Associate Development And Mentoring – How To Do It, Why To Do It, And Who BenefitsApril 22, 2019 | by Mark Wechsler
As published in The MidMarket Report by Law.com, April 22, 2019
Practical, personalized mentoring will provide the mentee with a unique and invaluable foundation for becoming a skilled, professional, ethical attorney. The mentor is rewarded by maintaining and enhancing the overall professionalism of the practice of law.
The practice of law is commonly referred to as a “profession.” Professionalism invokes concepts of competence, academic/educational excellence, a professional code of conduct, a culture of civility and inclusion as well as elevated levels of expertise in specified subject matter, to name a few. How to convey these traits to newly admitted attorneys can be a conundrum.
The implementation of attorney mentoring programs is becoming more prevalent across the country. Mentor-mentee relationships can exist within a law firm where both the mentor and mentee work, or between attorneys that work in different firms. Irrespective of that dynamic, challenges exist for both the mentor and mentee.
On the one hand, newly admitted attorneys are typically members of an entirely different generation and ascribe to a different work culture than the more experienced superiors from whom they can receive guidance. For that reason alone, they may not even know what questions to ask or what advice to seek. On the other hand, the more senior attorneys may have little if any experience in conveying critical concepts respecting professionalism from the perspective of a mentor.
One size will not fit all when it comes to developing and mentoring associates. Millennials are different than their predecessor generation; Generation X. Generation X is different than Baby Boomers. Each generation (of attorneys) presents new and different challenges with regard to professional development.
By definition, new lawyers are typically one of the newer if not the newest member of “the team.” They need to assess when deference to more senior members of the team is appropriate. At the same time, they need to learn how to project appropriate levels of self-confidence; how to function within a new employer’s culture; how and when to seek out guidance; how to incorporate that guidance into their performance; and how to identify and address ethical concerns.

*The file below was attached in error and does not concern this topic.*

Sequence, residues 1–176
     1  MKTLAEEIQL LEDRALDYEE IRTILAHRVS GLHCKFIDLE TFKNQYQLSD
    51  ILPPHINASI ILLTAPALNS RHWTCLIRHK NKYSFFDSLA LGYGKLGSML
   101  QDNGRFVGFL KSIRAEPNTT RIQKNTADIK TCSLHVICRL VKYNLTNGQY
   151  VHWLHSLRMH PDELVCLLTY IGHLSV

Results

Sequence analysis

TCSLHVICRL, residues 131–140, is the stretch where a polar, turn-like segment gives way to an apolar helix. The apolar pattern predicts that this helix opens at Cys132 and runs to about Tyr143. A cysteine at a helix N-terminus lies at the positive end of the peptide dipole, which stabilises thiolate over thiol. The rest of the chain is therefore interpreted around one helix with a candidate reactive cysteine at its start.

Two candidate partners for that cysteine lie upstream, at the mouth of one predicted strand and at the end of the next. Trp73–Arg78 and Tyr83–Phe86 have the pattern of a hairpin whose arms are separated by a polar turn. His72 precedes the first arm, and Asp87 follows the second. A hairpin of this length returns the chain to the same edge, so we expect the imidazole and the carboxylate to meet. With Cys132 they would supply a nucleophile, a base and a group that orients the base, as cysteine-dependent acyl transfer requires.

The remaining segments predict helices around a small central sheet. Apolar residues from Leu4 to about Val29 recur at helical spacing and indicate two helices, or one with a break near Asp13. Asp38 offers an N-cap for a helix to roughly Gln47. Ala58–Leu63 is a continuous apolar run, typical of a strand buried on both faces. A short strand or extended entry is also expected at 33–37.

First and foremost, more senior lawyers/mentors have to be available. That means a commitment to expend the necessary amount of time to teach and guide. It also means clearly establishing one’s role; being available with regularity to the new lawyer; genuinely understanding the concerns and issues presented by the new lawyer before providing advice; maintaining confidentiality in the relationship when appropriate and as agreed upon; and being open to input from the mentee.
Establishing and implementing a successful attorney development/mentoring program is, to say the least, a daunting task. Choosing a format for the program, pairing mentors and mentees appropriately, remaining sensitized to diversity issues and appropriate record-keeping/administrative oversight are just a few of the challenges that must be addressed. Exactly how much effort is required? A good illustration can be found in Morris County, New Jersey, where it took approximately 10 years of hard work to gain approval for a formalized mentoring program from the New Jersey Commission on Professionalism in the Law and the New Jersey Board on Continuing Legal Education.